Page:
The Treasury Department released a model intergovernmental agreement Thursday for implementing the Foreign Account Tax Compliance Act, developed in consultation with France, Germany, Italy, Spain and the United Kingdom.

The five countries had previously released a joint statement with the U.S. when the Treasury and the Internal Revenue Service unveiled their proposed regulations for FATCA back in February (see IRS and Treasury Propose New FATCA Rules). FATCA was included as part of the HIRE Act of 2010 and requires foreign financial institutions to disclose the holdings of U.S. depositors to the IRS as a way to spur tax compliance.

The law has stirred controversy abroad with complaints about potential violations of bank secrecy laws and compliance burdens for U.S.-born expatriates and dual citizens. The intergovernmental agreements, such as those signed with the five European countries, will provide tax authorities in those nations with information about the holdings of their citizens in U.S. banks as well.

Enacted by Congress in 2010, the FATCA provisions aim to target non-compliance by U.S. taxpayers using foreign accounts. The model agreement announced Thursday with France, Germany, Italy, Spain and the U.K. marks an important step in establishing a common approach to combatting tax evasion based on the automatic exchange of information. 

These five countries, along with the United States, will, in close cooperation with other partner countries, the Organization for Economic Cooperation and Development, and, when appropriate, the European Commission, work toward common reporting and due diligence standards in support of a more global approach to effectively combatting tax evasion while minimizing compliance burdens.

“Today’s announcement is an important milestone in our joint efforts to combat offshore tax evasion and make our tax systems more efficient and fair,” said Treasury Secretary Tim Geithner in a statement. “This agreement implements FATCA in a way that is targeted and effective, while also providing a foundation for further international coordination. We appreciate that France, Germany, Italy, Spain and the United Kingdom were among the first jurisdictions to join us in this important effort and we look forward to quickly concluding bilateral agreements based on today's model.”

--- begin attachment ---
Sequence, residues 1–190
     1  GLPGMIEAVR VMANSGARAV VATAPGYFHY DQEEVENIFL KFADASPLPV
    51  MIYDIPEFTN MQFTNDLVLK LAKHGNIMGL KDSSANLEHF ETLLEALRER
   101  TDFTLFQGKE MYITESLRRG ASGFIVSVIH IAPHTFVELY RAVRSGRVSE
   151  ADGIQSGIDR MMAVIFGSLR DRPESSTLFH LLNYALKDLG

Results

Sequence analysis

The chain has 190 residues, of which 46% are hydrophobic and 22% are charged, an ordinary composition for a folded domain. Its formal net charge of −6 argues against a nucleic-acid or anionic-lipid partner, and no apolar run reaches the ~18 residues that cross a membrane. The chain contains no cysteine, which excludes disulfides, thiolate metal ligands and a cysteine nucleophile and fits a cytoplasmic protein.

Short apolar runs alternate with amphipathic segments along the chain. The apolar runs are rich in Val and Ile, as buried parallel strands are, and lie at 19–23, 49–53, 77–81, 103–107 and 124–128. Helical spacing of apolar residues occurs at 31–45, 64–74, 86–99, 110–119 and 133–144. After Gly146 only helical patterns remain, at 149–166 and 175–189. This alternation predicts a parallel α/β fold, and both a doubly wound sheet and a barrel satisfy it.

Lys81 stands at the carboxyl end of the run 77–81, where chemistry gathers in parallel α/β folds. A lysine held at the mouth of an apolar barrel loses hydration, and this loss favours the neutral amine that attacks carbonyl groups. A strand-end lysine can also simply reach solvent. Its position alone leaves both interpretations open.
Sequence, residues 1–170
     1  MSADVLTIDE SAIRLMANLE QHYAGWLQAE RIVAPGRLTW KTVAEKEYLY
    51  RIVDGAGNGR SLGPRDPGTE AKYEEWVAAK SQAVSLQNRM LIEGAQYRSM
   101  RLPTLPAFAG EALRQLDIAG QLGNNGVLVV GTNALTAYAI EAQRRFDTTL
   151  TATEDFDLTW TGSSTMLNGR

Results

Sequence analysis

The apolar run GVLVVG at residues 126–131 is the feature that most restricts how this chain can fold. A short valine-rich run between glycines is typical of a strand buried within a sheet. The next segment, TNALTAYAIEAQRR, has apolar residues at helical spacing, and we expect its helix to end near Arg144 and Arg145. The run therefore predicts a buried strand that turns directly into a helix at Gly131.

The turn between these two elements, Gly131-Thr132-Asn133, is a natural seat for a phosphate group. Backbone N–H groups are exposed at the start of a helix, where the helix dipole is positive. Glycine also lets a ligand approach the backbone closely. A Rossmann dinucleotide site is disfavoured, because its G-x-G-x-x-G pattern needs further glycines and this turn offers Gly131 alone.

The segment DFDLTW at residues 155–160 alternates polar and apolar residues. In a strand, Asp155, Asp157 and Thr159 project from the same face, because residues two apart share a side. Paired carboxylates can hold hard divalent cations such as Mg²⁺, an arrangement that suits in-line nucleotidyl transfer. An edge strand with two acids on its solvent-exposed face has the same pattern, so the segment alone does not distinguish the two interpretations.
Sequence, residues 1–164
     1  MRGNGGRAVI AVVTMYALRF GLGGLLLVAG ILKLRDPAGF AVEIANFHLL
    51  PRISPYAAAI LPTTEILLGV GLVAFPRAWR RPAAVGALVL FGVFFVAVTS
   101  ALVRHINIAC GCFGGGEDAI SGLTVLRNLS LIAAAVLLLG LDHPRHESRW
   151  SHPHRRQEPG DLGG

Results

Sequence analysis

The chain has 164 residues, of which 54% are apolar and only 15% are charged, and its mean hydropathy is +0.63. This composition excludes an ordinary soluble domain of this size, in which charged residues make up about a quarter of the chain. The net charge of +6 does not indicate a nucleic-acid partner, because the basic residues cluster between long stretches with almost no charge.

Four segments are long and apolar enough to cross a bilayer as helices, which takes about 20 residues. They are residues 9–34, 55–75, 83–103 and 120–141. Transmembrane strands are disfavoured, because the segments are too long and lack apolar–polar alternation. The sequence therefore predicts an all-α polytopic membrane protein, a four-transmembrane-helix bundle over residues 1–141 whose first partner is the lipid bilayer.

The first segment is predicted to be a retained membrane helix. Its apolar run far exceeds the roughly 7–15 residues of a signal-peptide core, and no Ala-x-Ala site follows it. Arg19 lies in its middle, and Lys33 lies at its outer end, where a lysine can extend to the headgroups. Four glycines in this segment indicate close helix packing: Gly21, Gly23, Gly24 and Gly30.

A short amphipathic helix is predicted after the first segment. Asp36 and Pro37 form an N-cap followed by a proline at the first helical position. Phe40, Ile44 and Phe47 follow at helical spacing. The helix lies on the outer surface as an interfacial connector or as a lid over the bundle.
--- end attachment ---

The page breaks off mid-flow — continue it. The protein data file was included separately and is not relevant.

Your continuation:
The model agreement follows through on the commitment reflected in the joint statement issued with the same countries in February to collaborate on developing an intergovernmental approach to implementing FATCA. The model agreement is accompanied by another joint communique  with France, Germany, Italy, Spain and the United Kingdom, endorsing the agreement and calling for a speedy conclusion of bilateral agreements based on the model.

There are two versions of the model agreement—a reciprocal version and a nonreciprocal version. Both versions establish a framework for reporting by financial institutions of certain financial account information to their respective tax authorities, followed by automatic exchange of such information under existing bilateral tax treaties or tax information exchange agreements.  Both versions of the model agreement also address the legal issues that had been raised in connection with FATCA, and simplify its implementation for financial institutions.

The reciprocal version of the model also provides for the United States to exchange information currently collected on accounts held in U.S. financial institutions by residents of partner countries, and includes a policy commitment to pursue regulations and support legislation that would provide for equivalent levels of exchange by the United States.